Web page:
It may not be common in Canada but it can be done and often is. A reader writes:
I have worked in community mental health for 21 years, here in the heart of Appalachia, where we have high rates of prescription drug addiction. It is true that our epidemic requires the involvement of prescribers somewhere. But our incidence of drug overdose deaths is way out of proportion to our population density. First of all, OxyContin can most definitely be injected. Addicts crush a pill, mix it with water, cook it up and inject just like they would heroin. We have high rates of Hepatitis C due to dirty needles.
There's also a financial incentive for criminality.
Current street value here for an Oxy 40 mg. is about $60, and for an 80 mg. Oxy is about $120. That's per pill. So, if an older person with cancer has a prescription for 90 tablets of OxyContin, 80 mg., his bottle of pills is worth over $10,000. Just imagine what kind of financial pressure that puts on a poor family up in the hills. If you cut down on your pain pills and sell the rest, you can pay a few bills. By the same token, if you're a young prescription opiate junkie and Papaw's got a bottle of Oxy's in his medicine cabinet, what might you have to do? Or if you're not fortunate enough to have a close relative with a bottle of pills, what might you have to do to support your habit? (We have a serious problem with petty theft and property crimes around here.) In addition to all that, prescription drugs are a worsening problem in the schools, because the pills are small, portable, and undetectable by the talented drug dogs. So, from here it's hard to see the upside of prescription drug abuse.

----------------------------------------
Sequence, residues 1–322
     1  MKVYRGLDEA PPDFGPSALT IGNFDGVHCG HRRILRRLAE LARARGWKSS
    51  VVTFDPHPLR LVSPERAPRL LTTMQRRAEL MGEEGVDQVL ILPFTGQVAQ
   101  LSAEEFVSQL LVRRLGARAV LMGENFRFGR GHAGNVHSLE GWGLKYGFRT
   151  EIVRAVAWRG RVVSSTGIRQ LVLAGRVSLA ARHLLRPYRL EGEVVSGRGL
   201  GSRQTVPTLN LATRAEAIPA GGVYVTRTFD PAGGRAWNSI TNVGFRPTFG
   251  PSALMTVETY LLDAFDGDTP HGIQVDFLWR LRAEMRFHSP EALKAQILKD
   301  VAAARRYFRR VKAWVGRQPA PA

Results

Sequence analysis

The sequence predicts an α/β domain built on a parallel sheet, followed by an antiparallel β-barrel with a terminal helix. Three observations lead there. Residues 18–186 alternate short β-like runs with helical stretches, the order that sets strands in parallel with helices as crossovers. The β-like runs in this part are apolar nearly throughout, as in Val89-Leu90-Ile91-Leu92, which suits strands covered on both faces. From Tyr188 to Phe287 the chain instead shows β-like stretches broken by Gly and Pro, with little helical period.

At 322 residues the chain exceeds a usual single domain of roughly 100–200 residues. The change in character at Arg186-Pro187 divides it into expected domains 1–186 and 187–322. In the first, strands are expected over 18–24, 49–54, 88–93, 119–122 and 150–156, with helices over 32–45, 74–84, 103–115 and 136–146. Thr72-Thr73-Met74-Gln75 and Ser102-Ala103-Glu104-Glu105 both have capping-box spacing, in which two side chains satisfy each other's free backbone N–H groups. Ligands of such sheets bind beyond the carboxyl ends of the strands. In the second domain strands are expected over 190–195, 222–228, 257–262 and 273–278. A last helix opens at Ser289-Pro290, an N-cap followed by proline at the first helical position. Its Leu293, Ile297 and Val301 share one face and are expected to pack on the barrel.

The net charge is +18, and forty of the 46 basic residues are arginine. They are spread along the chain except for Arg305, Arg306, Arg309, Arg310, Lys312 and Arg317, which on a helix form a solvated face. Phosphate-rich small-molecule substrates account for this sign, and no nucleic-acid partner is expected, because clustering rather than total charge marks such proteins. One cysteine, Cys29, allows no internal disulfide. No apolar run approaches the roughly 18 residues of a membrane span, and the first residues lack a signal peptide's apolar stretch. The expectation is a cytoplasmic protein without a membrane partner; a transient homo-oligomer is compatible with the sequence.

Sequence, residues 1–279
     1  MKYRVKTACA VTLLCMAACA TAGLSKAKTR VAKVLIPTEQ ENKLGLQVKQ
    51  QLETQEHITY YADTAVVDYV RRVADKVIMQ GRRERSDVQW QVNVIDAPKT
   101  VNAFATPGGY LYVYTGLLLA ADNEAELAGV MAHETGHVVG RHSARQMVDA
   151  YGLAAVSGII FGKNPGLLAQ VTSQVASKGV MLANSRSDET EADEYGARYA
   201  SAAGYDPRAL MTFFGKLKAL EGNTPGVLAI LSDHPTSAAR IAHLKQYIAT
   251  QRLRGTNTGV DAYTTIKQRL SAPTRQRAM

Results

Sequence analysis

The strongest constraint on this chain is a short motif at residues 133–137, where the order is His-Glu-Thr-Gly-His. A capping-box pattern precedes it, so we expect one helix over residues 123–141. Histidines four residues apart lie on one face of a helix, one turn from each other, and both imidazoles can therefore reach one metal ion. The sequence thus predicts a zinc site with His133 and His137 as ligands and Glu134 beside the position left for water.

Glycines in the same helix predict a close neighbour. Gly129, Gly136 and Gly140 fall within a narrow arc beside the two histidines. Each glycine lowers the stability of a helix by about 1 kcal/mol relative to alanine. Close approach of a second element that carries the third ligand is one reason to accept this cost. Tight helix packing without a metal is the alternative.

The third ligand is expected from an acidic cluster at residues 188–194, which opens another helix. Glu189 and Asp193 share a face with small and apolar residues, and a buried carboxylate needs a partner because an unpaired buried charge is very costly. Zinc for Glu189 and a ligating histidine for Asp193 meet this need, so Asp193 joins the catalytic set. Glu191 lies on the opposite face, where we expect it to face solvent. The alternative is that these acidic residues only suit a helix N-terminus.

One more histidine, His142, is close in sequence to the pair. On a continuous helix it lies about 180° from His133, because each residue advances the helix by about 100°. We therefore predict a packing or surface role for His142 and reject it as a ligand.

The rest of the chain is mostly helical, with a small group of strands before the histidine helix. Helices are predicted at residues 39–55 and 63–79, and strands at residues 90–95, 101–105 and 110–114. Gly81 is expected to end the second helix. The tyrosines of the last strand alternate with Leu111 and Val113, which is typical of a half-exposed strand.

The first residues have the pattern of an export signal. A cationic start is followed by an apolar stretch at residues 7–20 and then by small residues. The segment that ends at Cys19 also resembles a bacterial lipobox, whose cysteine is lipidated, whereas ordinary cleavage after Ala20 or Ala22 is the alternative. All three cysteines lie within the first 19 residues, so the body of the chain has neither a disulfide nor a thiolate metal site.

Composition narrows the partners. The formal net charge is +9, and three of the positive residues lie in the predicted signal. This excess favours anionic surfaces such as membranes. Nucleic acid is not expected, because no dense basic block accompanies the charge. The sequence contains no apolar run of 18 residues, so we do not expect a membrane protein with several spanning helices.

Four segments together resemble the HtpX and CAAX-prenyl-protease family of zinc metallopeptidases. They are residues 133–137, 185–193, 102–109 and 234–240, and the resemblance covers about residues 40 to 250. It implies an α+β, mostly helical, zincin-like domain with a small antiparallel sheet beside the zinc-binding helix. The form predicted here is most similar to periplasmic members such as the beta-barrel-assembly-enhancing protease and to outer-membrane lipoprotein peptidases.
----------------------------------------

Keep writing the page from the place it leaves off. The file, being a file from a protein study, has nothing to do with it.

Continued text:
We want to hear what you think about this article. Submit a letter to the editor or write to firstname.lastname@example.org.